Of all the series I’m watching at the moment, the formula for this one may be the most straightforward. Five kids at a school (yes, all five were actually involved this time) trying to make their club a success. A nasty vice-principal, some cute girls doing cute things, musical theme. It’s all very safe and simple – but so far anyway, Tari Tari makes it work. The stuff that’s supposed to be funny is usually funny, the characters are mostly likable, and the pacing is such that the episode feel breezy and hold your interest. In short, it’s a good show that isn’t trying too hard to be anything else.
The funny thing is, there’s really nothing in writer/director Masakazu Hashimoto’s résumé to suggest that he has the talent to take played-out material and make it feel fresh and lively. But that’s the fun of it, finding new talents breaking through and surprising you – and it’s all the more fun in anime because it’s such a small and self-contained artistic community at the top levels. There are no big names associated with TT as there with were the show it’s often compared with, Hanasaku Iroha, but it may just benefit from not being burdened with too much ambition (and a galling lack of focus). There’s still time for all this to blow up, but at 13 episodes I see no reason to think the series’ charms can’t hold up.
One thing that I’m really enjoying about TT so far – and this reminds me of Seikimatsu Occult Gakuen, actually – is that the writing has a real gift for situation comedy. Take the scene where Wakana’s bike chain falls off (boy, today was a bad day for bikes) and she meets the odd Spaniard and his potbellied pig. This could have been awkward (well – it was, but in a good way) or stilted, but the timing of the scene was perfect – and it was a nice touch when she lapsed into bad Engrish to try and get rid of him (Japanese people in anime always default to English whenever any European language is spoken, apparently). His role in the story is still to be determined, but he certainly has a strong interest in Wakana.
Another positive this week is that the Y chromosomes finally got to step out of the chorus and share center stage, and it was long overdue. Wien has been likeable from the beginning with his twisted take on Japanese customs, and he seems to be an all-around softie – always smiling, and even trying to befriend the local rodent population. I’d like to learn a little more about him beyond the pleasant exterior, but hopefully that’s to come. As for Taichi, he’s still fighting to keep the Badminton Club alive – another one on the snippy V.P.’s termination list (where it’s joined by the Choir Club after Makoto and his first-year friends all quit). All along here I was thinking – why is it that Taichi’s dream is any less important than Konatsu’s? If anything his is even more valid – because as he said, he actually plans to try and pursue badminton through college and as a career.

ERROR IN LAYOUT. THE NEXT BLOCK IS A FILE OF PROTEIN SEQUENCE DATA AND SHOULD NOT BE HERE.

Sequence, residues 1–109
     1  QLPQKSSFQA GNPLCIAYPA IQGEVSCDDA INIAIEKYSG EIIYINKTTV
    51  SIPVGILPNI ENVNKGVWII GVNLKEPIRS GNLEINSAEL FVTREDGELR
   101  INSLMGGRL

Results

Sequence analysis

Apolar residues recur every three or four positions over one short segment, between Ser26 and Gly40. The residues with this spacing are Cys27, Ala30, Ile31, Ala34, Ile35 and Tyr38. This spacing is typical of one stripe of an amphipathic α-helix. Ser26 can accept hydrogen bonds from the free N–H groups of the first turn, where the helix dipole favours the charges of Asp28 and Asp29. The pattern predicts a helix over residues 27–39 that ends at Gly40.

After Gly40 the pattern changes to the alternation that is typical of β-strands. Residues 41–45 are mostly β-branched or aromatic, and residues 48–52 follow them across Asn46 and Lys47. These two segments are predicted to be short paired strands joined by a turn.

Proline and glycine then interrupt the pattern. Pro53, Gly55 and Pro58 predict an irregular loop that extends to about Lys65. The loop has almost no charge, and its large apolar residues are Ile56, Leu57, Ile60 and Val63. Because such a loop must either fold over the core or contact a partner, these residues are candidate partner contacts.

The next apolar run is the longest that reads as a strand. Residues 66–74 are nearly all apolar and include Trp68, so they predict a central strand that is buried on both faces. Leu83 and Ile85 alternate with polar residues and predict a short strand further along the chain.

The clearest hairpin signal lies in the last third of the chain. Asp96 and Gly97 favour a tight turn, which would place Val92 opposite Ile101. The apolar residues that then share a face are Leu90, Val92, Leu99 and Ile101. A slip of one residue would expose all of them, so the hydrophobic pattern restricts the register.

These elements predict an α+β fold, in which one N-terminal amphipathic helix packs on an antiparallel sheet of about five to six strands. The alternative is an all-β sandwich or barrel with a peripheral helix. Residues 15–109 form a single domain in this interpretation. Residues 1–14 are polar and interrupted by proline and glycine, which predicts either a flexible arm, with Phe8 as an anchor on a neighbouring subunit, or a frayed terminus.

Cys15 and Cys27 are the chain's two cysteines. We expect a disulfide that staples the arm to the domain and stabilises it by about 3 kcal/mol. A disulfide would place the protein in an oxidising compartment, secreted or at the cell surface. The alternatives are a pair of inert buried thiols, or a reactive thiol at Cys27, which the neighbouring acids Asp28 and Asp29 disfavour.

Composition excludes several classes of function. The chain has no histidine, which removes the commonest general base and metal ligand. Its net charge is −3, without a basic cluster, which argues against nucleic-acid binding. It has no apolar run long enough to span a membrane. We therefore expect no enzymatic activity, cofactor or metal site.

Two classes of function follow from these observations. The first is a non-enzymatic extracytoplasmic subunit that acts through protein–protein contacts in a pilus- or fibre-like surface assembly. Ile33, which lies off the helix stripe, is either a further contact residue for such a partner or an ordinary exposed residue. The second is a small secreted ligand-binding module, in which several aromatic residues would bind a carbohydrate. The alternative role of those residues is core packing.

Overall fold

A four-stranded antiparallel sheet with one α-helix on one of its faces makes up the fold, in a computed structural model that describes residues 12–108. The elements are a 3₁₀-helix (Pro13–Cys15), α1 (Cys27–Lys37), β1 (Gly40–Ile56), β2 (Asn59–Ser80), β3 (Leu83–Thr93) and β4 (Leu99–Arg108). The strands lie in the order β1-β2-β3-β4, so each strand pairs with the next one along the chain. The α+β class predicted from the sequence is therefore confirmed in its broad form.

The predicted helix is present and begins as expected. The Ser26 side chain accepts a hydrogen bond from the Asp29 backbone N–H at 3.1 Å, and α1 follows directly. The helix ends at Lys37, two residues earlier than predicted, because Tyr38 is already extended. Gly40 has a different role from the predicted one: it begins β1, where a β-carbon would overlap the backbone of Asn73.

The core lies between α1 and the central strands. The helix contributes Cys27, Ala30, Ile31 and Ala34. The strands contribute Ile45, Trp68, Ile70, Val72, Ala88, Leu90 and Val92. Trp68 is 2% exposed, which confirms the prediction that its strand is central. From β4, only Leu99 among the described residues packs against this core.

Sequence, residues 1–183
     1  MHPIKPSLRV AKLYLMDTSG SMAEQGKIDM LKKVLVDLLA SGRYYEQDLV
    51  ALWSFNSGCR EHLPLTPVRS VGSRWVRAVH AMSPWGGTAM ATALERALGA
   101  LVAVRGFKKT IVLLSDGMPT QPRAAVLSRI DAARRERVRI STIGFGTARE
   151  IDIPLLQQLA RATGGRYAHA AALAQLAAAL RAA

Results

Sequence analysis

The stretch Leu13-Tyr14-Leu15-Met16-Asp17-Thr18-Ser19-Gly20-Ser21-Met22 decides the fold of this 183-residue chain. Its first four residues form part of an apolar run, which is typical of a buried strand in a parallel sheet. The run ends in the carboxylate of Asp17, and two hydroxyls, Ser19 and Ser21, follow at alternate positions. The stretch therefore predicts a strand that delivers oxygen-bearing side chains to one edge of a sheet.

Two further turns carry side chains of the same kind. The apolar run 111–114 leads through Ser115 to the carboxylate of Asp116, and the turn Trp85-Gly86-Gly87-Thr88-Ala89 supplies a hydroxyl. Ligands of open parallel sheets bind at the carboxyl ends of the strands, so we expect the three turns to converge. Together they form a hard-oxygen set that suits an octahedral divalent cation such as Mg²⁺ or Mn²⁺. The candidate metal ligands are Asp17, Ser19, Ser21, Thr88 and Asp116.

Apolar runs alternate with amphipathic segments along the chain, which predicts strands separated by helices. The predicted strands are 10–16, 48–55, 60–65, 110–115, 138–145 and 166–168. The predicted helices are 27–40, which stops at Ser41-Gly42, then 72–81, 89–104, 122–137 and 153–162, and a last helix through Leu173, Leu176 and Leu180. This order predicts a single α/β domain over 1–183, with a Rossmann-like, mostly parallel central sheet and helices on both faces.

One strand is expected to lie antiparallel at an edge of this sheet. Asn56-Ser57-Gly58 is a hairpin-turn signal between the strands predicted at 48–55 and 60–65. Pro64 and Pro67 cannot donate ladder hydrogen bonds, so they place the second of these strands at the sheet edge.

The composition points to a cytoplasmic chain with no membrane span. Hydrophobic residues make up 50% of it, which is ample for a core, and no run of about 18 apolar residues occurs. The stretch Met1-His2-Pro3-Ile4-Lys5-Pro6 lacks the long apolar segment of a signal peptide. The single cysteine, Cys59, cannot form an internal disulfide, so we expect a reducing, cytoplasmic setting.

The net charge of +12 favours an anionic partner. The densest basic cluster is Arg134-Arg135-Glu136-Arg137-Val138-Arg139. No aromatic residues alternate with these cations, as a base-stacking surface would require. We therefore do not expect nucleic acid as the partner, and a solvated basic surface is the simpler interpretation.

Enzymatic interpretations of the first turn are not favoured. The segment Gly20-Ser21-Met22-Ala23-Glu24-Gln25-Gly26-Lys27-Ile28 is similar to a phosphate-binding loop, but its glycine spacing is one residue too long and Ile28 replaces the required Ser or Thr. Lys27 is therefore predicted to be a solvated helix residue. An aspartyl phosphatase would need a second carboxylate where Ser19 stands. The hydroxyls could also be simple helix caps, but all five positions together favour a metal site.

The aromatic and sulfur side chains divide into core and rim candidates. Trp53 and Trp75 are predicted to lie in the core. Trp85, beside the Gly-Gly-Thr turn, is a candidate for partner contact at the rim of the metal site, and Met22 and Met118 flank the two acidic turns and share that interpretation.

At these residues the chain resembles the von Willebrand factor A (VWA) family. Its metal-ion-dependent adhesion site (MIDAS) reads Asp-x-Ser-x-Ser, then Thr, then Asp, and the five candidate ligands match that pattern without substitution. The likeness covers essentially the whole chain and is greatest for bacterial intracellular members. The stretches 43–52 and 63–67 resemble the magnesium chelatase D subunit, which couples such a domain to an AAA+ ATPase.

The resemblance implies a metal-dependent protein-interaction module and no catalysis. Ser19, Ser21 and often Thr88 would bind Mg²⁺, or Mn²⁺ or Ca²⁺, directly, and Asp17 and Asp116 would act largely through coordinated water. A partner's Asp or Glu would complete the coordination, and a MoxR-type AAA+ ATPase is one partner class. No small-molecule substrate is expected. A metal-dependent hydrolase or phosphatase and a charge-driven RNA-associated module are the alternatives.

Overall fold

So I was prepared to be really pissed off when Konatsu blatantly cheated in their playoff for club membership – three birdies at once? Yeah, that’s fair. But fortunately the series didn’t go there, instead taking the route I thought it might – with each kid filling out the required minimum for both clubs (though it’s still pretty bogus to make it the “Sometimes Badminton Club” based on an unfair match). I still haven’t really warmed to Konatsu, to be honest – she just doesn’t come off as an especially nice person. But the others are all fine to very good characters, though Sawa is just a bit too perfect. And there seems to be a pretty good chemistry between them as a group, which is obviously vital to a show like this succeeding.
Speaking of chemistry, the question of where the series goes from here can’t be asked without at least considering the possibility of romantic entanglements. They’re less obvious here than in, say, Kokoro Connect – perhaps Konatsu and Taichi have an osananajimi vibe going, and there might have been a little spark between Wien and Wakana – but it seems very possible that Tari Tari will be that rare high school series with no romance at all. We still have the music to drive the story (I hope badminton gets to play a part, too) and the new wrinkle there is the upcoming “World Music Festival” – and the possible role of the aforementioned Spanish dude with the two old musicians who ended up accompanying the club’s “audition” at the Beach House. I’m also interested in the dynamic between the Principal, V.P. and Wakana’s mother – all of whom seemed to know each other back when he was a teacher and they were students. I wonder if we might end up with a full arc devoted to that part of the story, told in flashback.
You might have noticed the change in the ED – the other three kids were added (with Wakana off by herself).